Aung Kyaw Min Tun has lived in Myanmar for all of his 24 years, his native language is Burmese, and his parents and grandparents were all born here. But he is not officially a citizen of the country he calls home and he has no idea if he ever will be.
The problem is that he is a Tamil Hindu, an ethnicity that does not fit neatly into the country’s bewilderingly complex citizenship law, in which nationality is based on membership in one of 135 so-called “national races”, which supposedly lived within the country’s boundaries before the British invaded in 1823. The law, created by Myanmar’s military dictatorship in 1982, excludes others from full citizenship but allows them to apply for two lower tiers with fewer rights.
Its heavy emphasis on ethnicity has led rights groups to call it discriminatory. It has also been enforced haphazardly and selectively, with multiple layers of bureaucracy and endemic corruption adding to the confusion. In addition, a variety of ad hoc residency and citizenship documents have been issued over the years.
The result can be years-long waits for those who do not fit obviously into the list of national races, including ethnic Chinese, Indians, Nepalis, many Muslims, and people with a foreign parent or grandparent.
“The citizenship process, like much of Myanmar’s bureaucracy, has been a shambles at least since the military took power in 1962,” said Ronan Lee, a political consultant and PhD candidate at Deakin University in Melbourne who has studied the issue.
Second class citizens
Aung Kyaw Min Tun’s family exemplifies the chaos.
His father holds a citizenship card that he obtained before the 1982 law was passed, while his brother paid a bribe of around $300 for the same card in the early 2000s. His mother and older sister have only residency permits, and he and his younger sister have been unable to obtain any documents at all. Even though they are technically eligible to be second-class “associate citizens”, he said they have been sent from office to office for years with no results.
He estimates that around two thirds of his community in Yangon face the same problems – mostly those who were too poor to pay large informal fees. Without citizenship documents, he said, he and others cannot travel freely within the country, obtain a passport, or buy property.
“If someone tried to kick us out, we’d have to go, because we have no documents. It’s scary,” he said.
“I was born here and will die here, so I should have documents to show it.”
Most talk of citizenship in Myanmar begins and ends with the Rohingya, a stateless Muslim minority of around one million people living in Rakhine, a state on the country’s western frontier with Bangladesh.
They fall outside the list of 135 national ethnicities, and their inability to assert their citizenship rights means they are vulnerable to hostile governments as well as some of their ethnic Rakhine Buddhist neighbours, who are included in the national ethnicity list and have full rights as citizens. In contrast, the Rohingya live under an apartheid-like system that restricts their ability to move around for employment or other reasons, and severely limits their access to healthcare and education. In bouts of communal violence, the Rohingya have comprised the vast majority of victims, and almost 120,000 remain in squalid camps after being driven from their homes in 2012.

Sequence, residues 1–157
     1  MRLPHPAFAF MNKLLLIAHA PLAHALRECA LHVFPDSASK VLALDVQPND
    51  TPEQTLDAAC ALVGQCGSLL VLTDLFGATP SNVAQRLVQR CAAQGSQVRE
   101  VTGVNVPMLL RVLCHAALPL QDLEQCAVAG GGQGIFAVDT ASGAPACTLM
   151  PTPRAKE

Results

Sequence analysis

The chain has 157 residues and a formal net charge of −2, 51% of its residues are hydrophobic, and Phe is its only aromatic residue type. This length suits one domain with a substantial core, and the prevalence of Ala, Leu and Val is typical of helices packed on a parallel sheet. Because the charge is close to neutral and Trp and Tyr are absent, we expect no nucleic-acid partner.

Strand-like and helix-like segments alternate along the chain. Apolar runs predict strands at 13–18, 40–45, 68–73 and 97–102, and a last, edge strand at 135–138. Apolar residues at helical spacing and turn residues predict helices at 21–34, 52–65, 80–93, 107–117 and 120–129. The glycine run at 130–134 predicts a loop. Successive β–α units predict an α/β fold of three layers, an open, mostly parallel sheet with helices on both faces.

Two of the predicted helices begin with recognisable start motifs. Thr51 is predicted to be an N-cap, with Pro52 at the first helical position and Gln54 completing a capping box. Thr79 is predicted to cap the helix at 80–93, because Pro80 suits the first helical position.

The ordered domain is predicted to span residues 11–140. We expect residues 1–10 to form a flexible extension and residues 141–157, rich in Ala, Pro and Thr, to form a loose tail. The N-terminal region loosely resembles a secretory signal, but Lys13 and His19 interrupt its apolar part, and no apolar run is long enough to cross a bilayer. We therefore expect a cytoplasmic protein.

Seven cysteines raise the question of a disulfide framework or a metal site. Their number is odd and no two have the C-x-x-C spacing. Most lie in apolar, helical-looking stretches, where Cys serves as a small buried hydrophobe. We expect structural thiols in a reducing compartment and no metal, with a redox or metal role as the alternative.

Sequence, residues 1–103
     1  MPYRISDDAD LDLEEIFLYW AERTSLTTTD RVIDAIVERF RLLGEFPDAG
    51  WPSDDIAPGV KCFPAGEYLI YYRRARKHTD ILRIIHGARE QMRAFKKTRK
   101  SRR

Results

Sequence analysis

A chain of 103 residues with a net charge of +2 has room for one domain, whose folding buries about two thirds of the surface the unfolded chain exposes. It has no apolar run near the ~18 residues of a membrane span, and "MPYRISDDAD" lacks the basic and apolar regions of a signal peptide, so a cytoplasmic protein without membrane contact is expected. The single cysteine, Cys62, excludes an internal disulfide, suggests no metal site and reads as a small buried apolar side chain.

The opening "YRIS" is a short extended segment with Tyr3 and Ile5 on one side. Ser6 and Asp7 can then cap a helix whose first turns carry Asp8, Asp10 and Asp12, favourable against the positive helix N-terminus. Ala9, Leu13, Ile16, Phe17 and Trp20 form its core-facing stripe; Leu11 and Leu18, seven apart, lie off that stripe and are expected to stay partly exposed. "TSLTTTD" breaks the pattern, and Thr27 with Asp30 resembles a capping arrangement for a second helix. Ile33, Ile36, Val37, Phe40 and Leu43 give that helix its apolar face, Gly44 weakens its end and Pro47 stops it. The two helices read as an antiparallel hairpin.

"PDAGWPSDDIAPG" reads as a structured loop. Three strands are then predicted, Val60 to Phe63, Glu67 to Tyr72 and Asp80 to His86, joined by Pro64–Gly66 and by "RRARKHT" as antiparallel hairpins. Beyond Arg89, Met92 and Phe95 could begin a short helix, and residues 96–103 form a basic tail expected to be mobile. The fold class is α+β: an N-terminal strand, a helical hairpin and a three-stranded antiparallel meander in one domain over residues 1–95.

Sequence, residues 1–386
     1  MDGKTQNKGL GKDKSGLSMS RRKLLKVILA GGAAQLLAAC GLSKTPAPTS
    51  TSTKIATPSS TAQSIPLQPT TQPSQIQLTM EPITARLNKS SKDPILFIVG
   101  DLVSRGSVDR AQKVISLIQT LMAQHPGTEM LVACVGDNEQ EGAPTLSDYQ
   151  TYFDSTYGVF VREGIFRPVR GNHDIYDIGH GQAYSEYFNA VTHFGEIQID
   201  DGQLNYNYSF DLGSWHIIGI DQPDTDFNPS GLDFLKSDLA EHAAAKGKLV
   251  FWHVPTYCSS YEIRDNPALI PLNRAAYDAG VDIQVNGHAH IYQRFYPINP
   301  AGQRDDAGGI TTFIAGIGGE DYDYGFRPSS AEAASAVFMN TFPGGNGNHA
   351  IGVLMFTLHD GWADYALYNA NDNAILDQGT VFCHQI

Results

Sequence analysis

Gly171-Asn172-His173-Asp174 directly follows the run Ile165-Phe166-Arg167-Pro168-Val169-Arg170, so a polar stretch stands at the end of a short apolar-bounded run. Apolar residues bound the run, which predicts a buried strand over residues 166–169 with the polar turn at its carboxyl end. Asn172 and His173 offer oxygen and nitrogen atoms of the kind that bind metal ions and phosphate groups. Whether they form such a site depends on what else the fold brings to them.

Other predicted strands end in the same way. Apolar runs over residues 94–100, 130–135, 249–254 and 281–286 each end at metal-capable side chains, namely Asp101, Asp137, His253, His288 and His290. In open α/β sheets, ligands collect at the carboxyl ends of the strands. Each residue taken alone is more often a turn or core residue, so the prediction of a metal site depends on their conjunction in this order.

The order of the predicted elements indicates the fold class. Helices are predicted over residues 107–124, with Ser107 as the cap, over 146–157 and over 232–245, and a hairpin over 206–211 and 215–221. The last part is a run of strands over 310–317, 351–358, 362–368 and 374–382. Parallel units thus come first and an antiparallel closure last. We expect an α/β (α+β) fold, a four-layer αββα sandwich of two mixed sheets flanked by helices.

There has been an international outcry about the plight of the Rohingya, which seems unlikely to improve without an overhaul of the citizenship law. But statelessness is a much bigger problem in Myanmar, and one that the government has barely begun to grapple with.
“Looking at it through the lens of Rakhine is not the complete picture,” said Cecile Fradot, a senior protection officer at the UN refugee agency in Yangon, which deals with issues of citizenship. “That is obviously the most visible, but other groups in the country also face challenges accessing civil documentation.”
“Perhaps the biggest problem of all is that there has not been a comprehensive mapping of statelessness in the country, and we lack detailed and complete data,” she added.
The Seagull Foundation, a human rights and peace-building organisation, recently surveyed 100 religious or ethnic minorities in the northern city of Mandalay and found that almost all of them had problems obtaining a national registration card. They reported long and seemingly arbitrary waits, and many said they were told they had to change their ethnicity or religion to fit into a prescribed category in order to receive the document.
Respondents also reported paying bribes of up to 500,000 kyat (around $390) and said their children were being systematically excluded from programmes to issue national registration cards in schools. Several people, particularly Muslims, said they were forced to accept third-tier “naturalised citizen” status in order to get their documentation, meaning they would never be able to hold political office, among other restrictions.